Although both MVa and MVb similarly show a frictional generation of circulation and horizontal vorticity, MVa finally develops into an intense mesovortex while MVb remains weak. The intensification of MVa is schematically described in a conceptual model (Fig. 20). The MV is located near the bow apex, on the south flank of the system RIJ. As the RIJ descends, an intense downdraft extending to the ground develops behind the MV (i.e., on its western side). The descending RIJ produces a low-level outflow that is generally directed toward south behind the MV. Because of the influence of surface friction, eastward horizontal vorticity is generated by the southward outflow. From the viewpoint of circulation, the eastward horizontal vorticity penetrates the tilted material surface enclosing the MV and consequently increases the circulation about this circuit. The rotation of the MV is further enhanced and the vortex intensifies into a strong mesovortex by the shrinking of the material circuit, which occurs in response to the great convergence promoted by the intense rear-side downdraft. From the viewpoint of vorticity, the frictionally induced horizontal vortex tube is tilted into vertical and then stretched into an intense mesovortex by the strong horizontal convergence. This is quite different from the tilting generation mechanisms of MVs proposed in previous idealized numerical studies. For one thing, the tilted horizontal vorticity in our conceptual model primarily originates from surface friction instead of baroclinicity. For another, the resultant horizontal vorticity is largely normal to the gust front. Therefore, it can be effectively tilted by the sharp gradient of vertical velocity between downdrafts and updrafts at the gust front. In contrast, baroclinicity generally creates a horizontal vorticity parallel to the gust front, which has to be tilted into the vertical by localized downdrafts or updrafts along the gust front.

Fig. 20.
Fig. 20.

Schematic showing the genesis of the strong mesovortex MV near the apex of a large bow echo. The bow echo gust front is marked in blue line with triangles. The prefrontal inflow, ascending front to rear jet, and descending rear-inflow jet (RIJ) are all depicted in black lines with arrows. Red lines denote the vortex lines, with their rotations indicated by the purple curve arrows surrounding them. MV is located in the position where the vortex lines are erect. The material circuit enclosing MV is colored in green with gray shading. The downward-directed blue arrow denotes the intense downdrafts behind MV, which are associated with the descending RIJ and extend well down to the surface. This schematic shows the stage a few minutes prior to mesovortex genesis.

Citation: Journal of the Atmospheric Sciences 72, 5; 10.1175/JAS-D-14-0209.1

8. Summary and conclusions

A real-data, convection-resolving simulation is performed using the ARW model for a severe bow echo system that occurred over the central United States on 8 May 2009. The model domain is configured with a pair of two-way nested grids having 4- and 0.8-km grid spacings, respectively. The simulated bow echo generally agrees well with observations, with a number of mesovortices (MVs) produced along the system’s leading convective line. Two MVs (MVa and MVb) that formed near the bow apex in the simulation are studied, which differ distinctively in intensity, lifetime, and damage potential.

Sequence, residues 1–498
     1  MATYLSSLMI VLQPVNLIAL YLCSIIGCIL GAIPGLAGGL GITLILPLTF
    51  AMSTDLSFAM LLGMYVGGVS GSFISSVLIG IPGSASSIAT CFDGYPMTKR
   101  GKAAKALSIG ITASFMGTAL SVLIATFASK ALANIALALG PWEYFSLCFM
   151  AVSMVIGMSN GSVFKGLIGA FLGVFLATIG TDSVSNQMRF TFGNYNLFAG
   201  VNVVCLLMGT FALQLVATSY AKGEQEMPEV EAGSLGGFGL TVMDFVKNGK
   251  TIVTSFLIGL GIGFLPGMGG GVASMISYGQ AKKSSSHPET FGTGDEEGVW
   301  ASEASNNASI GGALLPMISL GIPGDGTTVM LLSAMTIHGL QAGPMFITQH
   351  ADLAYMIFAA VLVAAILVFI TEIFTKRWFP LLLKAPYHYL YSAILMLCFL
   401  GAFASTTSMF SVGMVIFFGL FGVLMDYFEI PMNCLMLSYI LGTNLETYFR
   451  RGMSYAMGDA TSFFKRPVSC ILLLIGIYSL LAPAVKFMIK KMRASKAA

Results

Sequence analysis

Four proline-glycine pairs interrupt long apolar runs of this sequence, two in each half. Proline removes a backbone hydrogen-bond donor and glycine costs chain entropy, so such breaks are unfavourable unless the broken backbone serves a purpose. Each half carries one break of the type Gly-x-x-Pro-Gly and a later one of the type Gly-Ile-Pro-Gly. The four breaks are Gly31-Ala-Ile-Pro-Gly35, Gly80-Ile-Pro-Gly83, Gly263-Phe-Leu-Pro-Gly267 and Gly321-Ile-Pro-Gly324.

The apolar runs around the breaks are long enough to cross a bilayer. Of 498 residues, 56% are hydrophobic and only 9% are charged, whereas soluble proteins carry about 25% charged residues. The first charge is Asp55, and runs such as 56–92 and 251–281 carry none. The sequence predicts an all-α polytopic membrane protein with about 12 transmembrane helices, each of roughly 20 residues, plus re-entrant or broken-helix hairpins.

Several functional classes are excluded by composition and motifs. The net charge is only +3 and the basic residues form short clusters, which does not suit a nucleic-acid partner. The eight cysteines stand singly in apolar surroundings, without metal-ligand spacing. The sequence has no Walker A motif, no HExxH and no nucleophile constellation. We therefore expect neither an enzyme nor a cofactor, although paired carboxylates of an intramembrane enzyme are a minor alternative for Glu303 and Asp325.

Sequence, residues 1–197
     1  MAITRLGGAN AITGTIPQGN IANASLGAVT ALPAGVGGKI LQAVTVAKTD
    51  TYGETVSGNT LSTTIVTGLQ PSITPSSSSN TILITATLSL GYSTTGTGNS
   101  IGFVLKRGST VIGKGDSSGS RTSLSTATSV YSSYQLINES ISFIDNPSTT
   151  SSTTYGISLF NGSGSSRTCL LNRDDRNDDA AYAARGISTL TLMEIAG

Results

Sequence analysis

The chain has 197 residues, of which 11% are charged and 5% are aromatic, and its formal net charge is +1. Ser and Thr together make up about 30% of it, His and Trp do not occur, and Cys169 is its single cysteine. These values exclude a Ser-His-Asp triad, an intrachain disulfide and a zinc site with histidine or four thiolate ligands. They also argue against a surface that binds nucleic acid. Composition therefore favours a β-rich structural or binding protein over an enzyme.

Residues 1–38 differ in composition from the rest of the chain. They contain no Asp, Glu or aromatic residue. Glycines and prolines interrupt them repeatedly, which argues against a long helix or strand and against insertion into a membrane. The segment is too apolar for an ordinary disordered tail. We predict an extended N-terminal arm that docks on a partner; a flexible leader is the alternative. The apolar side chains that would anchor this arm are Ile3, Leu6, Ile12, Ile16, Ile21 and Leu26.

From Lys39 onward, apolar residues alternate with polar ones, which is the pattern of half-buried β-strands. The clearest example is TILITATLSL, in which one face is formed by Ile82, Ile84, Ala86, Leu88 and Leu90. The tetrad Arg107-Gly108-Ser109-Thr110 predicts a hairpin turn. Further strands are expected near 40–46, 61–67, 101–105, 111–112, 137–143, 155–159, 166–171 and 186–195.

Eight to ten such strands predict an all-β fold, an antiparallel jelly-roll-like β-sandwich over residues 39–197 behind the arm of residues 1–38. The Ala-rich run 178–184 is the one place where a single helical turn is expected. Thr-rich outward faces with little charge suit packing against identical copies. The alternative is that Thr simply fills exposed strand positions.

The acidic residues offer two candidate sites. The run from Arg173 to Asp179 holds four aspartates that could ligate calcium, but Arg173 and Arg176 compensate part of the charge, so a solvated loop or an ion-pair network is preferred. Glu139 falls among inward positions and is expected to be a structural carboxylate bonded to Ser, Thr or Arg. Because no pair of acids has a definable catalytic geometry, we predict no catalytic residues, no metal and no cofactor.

MVa persists for over 2 h and remains close to the bow apex, embedded within the system’s rear-inflow jet (RIJ). Strong downdrafts are produced behind MVa owing to the descent of the RIJ, which significantly enhances the low-level convergence near the gust front and in turn causes strong stretching of vertical vorticity. Moreover, a sharp gradient of vertical velocity is created by the downdraft–updraft couplets at the gust front, which efficiently tilt the horizontal vorticity into vertical. MVa finally develops into an intense mesovortex, reaching high vertical vorticity values of up to 0.053 s−1 at 100 m AGL. Strong winds of over 50 m s−1 are found in association with MVa near the surface. In contrast, MVb is nondamaging and shorter lived. It lasts for about 1 h, moving away from the bow apex over time. MVb is accompanied with convective-scale downdrafts and experiences much weaker stretching and tilting. Therefore, it only develops a peak vertical vorticity of about 0.012 s−1 at 100 m AGL.

Circulations about the material circuits enclosing MVa and MVb are analyzed. The results show that air parcels on the circuits originate from both ahead of (i.e., prefrontal inflow) and behind (i.e., rear inflow) the gust front. The rear-inflow parcels descend with time and finally converge with the ascending prefrontal-inflow parcels at the gust front. As a result, the area enclosed by the circuit shrinks markedly. For MVa, the descending parcels subside with the system RIJ from higher altitudes of up to 2 km AGL, while for MVb they descend with the localized downdrafts from a lower level at around 500–600 m AGL. Budgets of circulation show that, in addition to baroclinicity, friction can also contribute to the production of near-surface rotation, especially during the final few minutes prior to mesovortex genesis. This occurs as the frictionally generated horizontal vortex tubes pass through the tilted material circuit surface.